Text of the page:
The Gig Economy



The Gig Economy
Defining, Marketing and Protecting
your Freelance Status


A Business of Entertainment Workshop
Presented by Paydogs

 Saturday, March 23
8:30am – 4pm

The Q Center, Allen Hall
4115 N. Mississipi Ave.
Portland, OR 97217

$40.00

 

Agenda

8:30 – 9:00          Arrival, coffee, settle in

9:00 – 10:00        Business Insurance

Beyond Production Insurance
What’s out there, besides production insurance? What is E&O? Do I need business liability coverage?

10:00 – 11:30      Better Richer Smarter

It’s Possible! Probable
PCC, Small Business Development Center
Free copy of the book included with the workshop

11:30 – 1:00        Lunch (not provided)

1:00 – 2:30         The New Healthcare

Or is it Healthscare?
What does the new healthcare requirement mean to Freelance workers and Independent Contractors?

2:30 – 3:30           Reinventing Yourself

And Staying Reinvented
“We each have the opportunity to define what balance looks like for us, and we can re-asses what it means at different milestones and moments in our lives.”

 

Space is limited to 50 attendees.

Sign up through PayPal [email protected]
or send check payment to:

Paydogs, 1219 SE Lafayette, Ste. 201, Portland, OR 97202

Excerpt from: The Daily Beast
January 12, 2009
Tina Brown

Gigs: a bunch of free-floating projects, consultancies, and part-time bits and pieces they try and stitch together to make what they refer to wryly as “the Nut”—the sum that allows them to hang on to the apartment, the health-care policy, the baby sitter, and the school fees.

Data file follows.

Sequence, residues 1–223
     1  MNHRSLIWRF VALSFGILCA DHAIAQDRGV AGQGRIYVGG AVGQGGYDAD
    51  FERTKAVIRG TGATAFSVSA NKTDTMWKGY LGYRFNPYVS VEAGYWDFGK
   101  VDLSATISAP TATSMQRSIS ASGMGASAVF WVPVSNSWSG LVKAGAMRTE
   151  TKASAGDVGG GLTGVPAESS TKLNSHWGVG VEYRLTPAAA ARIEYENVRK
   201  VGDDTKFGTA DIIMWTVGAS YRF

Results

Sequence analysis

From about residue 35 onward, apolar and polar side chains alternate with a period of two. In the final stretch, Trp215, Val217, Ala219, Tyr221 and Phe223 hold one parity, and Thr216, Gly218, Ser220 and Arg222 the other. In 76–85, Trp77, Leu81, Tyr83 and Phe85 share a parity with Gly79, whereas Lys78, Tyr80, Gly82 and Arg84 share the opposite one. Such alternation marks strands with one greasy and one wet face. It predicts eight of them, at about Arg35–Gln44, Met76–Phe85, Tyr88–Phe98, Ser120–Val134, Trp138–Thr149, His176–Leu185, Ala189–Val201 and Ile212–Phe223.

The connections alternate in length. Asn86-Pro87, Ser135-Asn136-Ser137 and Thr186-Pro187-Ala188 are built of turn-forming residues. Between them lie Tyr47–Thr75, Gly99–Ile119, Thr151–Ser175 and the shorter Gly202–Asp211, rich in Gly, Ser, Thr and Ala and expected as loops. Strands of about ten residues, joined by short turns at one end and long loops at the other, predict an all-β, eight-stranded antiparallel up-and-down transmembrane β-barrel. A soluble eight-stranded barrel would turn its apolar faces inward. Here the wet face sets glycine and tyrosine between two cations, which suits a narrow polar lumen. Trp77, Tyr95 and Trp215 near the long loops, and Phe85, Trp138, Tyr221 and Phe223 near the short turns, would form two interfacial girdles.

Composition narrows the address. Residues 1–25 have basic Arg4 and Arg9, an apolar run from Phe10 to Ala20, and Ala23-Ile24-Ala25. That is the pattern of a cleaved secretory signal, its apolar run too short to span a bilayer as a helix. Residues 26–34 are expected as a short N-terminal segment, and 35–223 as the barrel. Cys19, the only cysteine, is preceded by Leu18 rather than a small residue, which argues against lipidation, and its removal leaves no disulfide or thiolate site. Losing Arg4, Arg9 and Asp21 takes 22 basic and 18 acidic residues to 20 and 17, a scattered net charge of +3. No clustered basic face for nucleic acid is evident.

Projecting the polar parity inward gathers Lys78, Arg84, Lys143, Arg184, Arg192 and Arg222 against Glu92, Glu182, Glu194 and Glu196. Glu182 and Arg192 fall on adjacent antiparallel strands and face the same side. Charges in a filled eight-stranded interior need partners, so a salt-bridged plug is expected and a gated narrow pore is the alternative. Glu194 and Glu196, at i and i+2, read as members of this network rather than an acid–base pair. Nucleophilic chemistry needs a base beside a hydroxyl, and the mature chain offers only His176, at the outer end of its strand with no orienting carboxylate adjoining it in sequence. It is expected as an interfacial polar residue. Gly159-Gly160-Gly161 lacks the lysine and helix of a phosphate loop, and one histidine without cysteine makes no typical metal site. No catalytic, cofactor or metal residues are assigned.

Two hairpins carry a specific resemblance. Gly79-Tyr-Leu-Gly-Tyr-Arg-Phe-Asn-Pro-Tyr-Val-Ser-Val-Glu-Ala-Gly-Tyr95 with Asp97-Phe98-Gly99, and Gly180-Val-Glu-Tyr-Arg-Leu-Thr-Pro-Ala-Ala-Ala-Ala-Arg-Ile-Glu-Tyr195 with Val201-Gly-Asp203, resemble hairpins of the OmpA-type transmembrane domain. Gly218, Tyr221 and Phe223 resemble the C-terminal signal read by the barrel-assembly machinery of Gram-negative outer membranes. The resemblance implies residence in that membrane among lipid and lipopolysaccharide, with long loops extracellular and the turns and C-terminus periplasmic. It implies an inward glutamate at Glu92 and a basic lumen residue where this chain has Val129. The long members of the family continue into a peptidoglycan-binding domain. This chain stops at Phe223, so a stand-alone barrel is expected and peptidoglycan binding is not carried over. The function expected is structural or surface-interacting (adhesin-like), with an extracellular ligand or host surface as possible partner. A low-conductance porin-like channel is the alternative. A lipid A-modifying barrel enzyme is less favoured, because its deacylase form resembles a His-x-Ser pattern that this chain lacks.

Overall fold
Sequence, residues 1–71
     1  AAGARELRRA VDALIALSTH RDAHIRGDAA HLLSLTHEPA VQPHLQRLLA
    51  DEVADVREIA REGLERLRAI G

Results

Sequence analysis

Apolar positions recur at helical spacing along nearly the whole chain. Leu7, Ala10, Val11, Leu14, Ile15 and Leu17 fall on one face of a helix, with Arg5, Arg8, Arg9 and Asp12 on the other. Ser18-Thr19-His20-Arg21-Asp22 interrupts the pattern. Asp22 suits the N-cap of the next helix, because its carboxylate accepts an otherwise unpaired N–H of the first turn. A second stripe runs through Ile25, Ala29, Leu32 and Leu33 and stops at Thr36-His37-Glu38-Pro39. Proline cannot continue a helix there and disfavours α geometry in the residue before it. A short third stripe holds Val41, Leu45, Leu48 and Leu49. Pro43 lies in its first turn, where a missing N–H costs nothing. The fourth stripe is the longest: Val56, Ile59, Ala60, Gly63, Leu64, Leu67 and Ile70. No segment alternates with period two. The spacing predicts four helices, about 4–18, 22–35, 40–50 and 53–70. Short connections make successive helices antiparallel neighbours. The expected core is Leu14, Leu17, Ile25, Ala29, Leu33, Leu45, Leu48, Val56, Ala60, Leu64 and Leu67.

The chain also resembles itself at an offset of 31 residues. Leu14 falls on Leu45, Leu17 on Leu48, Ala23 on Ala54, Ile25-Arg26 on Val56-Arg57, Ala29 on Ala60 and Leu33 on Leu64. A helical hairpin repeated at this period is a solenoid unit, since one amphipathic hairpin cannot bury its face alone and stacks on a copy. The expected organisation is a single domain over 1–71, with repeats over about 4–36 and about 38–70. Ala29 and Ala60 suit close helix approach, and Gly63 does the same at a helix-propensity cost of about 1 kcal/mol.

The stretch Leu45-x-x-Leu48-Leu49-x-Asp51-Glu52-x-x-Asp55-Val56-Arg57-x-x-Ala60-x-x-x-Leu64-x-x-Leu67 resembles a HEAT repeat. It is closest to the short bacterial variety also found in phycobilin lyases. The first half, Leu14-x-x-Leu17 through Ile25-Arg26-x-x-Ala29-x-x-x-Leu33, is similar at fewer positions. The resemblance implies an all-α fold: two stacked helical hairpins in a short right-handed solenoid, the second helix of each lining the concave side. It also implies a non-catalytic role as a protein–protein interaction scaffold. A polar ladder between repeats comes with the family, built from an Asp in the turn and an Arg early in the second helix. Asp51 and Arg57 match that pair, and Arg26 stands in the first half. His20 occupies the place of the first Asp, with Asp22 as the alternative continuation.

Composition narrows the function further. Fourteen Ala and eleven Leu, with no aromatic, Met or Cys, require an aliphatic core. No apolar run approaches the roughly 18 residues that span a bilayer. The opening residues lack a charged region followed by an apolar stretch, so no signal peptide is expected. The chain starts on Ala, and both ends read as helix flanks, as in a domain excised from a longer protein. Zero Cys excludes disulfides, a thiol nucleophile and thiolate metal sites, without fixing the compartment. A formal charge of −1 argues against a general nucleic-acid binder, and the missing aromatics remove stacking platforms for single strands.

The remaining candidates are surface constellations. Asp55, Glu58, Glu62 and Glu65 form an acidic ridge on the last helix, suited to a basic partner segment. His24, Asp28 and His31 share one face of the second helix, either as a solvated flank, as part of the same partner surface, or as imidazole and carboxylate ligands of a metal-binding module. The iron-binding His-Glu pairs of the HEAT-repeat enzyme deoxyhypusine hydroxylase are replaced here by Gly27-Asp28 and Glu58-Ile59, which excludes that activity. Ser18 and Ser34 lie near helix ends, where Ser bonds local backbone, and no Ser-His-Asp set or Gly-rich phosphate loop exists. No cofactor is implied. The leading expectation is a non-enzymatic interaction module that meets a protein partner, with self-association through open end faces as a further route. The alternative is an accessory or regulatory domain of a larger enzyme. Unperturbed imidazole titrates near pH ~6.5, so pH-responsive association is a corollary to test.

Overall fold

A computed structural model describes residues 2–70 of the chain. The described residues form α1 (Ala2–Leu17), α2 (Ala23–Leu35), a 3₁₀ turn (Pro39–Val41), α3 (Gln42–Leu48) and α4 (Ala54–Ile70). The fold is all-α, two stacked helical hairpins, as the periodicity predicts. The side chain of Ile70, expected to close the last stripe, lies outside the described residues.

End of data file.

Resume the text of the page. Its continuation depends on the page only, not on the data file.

Gigs: They’re all that’s standing between them and…what? The outer-outer boroughs? Eating what’s left of the 401(k)? Moving to Alaska? Out-and-out destitution?

My own anecdotal evidence among friends is now borne out by an exclusive poll conducted last week by The Daily Beast and Penn, Schoen & Berland Associates. Five hundred employed U.S. citizens aged 18 and over were interviewed via the Internet on January 8 and 9.

A full one-third of our respondents are now working either freelance or in two jobs. And nearly one in two of them report taking on additional positions during the last six months.

Just as startling, these new alternative workers are not overwhelmingly low-income. They’re college-educated Americans who earn more than $75,000 a year.

Welcome to the age of Gigonomics.

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